“Students want to be together and socialize, and we strongly encourage them to avoid parties and large gatherings and ensure their social circles include a maximum of 10 people.”

Western said before the start of the fall term, which began Sept. 9, that it was trying to preserve as many on-campus learning opportunities as it could safely provide. Roughly 25 per cent to 30 per cent of its classes will include an unspecified “on-campus experience” this fall, including some undergraduate seminars and labs where physical distancing is possible. The amount of in-person instruction differs depending on a student’s program and year of study.

Concerns about the behaviour of postsecondary students have been raised elsewhere. At Queen’s University, a professor wrote an open letter to the community last week saying he had seen large gatherings of students partying and not observing physical-distancing rules. The City of Kingston was forced to close a public beach close to campus after crowding became impossible to control.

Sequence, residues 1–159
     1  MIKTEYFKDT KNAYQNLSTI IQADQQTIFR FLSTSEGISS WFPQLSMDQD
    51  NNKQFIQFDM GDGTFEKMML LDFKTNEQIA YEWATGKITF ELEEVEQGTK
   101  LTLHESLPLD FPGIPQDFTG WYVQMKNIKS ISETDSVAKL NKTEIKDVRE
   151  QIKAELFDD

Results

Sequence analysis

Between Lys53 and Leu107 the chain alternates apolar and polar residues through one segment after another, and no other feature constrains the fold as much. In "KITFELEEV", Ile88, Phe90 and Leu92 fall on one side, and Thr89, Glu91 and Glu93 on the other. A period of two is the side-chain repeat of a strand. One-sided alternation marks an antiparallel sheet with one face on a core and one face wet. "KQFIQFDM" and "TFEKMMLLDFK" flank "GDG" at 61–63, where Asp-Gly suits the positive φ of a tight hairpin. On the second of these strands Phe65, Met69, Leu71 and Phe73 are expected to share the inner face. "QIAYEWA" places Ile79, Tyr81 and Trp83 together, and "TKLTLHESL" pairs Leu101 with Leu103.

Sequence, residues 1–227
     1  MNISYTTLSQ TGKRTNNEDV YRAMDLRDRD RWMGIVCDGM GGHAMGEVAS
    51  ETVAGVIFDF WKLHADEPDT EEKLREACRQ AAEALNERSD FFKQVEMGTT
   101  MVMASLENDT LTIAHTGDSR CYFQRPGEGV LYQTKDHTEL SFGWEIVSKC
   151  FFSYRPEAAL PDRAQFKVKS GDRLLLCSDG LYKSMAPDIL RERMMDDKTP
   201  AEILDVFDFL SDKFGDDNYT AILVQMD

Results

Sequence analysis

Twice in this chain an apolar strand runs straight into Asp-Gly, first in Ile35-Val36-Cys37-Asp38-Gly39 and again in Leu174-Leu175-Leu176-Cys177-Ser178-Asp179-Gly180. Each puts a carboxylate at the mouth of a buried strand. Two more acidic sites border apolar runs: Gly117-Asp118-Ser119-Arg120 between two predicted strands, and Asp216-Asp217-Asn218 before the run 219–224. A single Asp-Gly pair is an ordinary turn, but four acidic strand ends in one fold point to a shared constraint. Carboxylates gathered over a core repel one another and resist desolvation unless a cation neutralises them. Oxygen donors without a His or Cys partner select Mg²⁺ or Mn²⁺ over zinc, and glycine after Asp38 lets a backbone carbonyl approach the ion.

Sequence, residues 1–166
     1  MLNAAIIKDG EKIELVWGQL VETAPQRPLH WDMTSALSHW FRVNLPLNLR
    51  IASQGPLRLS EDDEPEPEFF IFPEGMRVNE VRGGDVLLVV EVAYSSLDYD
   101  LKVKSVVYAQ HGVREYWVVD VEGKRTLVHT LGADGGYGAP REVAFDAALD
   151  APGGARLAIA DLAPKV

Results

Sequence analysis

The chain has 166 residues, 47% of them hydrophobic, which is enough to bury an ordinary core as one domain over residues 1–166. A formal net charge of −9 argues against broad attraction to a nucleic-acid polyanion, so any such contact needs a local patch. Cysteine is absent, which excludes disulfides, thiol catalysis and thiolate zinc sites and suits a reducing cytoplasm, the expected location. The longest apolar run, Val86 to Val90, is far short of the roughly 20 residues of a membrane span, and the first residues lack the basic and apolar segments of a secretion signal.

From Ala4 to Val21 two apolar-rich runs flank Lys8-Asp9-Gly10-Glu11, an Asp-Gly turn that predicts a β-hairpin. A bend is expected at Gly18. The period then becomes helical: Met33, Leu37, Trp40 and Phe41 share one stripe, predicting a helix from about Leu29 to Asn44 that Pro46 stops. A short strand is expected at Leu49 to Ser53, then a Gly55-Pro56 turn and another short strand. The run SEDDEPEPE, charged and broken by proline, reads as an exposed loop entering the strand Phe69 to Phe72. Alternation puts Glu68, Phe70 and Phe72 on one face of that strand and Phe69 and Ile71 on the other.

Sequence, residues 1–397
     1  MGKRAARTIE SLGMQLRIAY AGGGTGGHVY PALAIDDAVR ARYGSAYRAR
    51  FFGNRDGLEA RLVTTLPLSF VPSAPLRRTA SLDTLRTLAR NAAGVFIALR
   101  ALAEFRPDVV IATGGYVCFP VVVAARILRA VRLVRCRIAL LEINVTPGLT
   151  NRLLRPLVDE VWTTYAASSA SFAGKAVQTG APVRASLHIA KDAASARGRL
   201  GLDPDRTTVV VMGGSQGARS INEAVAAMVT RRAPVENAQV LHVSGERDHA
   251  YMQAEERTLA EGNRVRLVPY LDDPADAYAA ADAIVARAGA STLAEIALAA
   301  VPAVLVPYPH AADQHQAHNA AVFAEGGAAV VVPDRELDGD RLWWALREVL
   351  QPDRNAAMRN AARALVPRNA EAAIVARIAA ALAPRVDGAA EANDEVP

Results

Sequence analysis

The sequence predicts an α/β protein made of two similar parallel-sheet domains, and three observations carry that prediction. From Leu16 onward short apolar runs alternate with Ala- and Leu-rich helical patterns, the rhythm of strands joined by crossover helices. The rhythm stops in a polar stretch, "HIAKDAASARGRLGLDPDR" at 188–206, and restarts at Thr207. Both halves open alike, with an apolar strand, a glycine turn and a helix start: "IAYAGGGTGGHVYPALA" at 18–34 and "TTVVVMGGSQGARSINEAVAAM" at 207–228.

City officials have responded to more than 300 noise complaints in the past two weeks, primarily from the area around the Queen’s campus, and issued dozens of fines in an attempt to clamp down on gatherings.

Story continues below advertisement

In Nova Scotia, RCMP announced that four university students had been charged under the Health Protection Act over the Labour Day weekend for failing to self-isolate after entering what’s been called the Atlantic Bubble. Three of the students were in Antigonish, N.S., and one was in Wolfville, N.S. All were fined $1,000. Nova Scotia requires all students coming from outside Atlantic Canada to isolate for 14 days and be tested three times for COVID-19.

Dozens of universities in the United States have shifted to holding classes entirely online after a number of outbreaks in the wake of students returning last month. In many cases, the outbreaks were linked to parties or to students living together in dormitories.

Although the level of community spread in Canada has been much lower than in the U.S., bringing students back together is a growing concern for public-health officials.

“If we ever needed evidence to show there’s still a risk from COVID-19 in the community, this is it,” said Chris Mackie, Middlesex-London Medical Officer of Health.

“We know the temptation to get back together with friends and party is great, but it is crucial that we all do our part to prevent the spread of COVID-19.”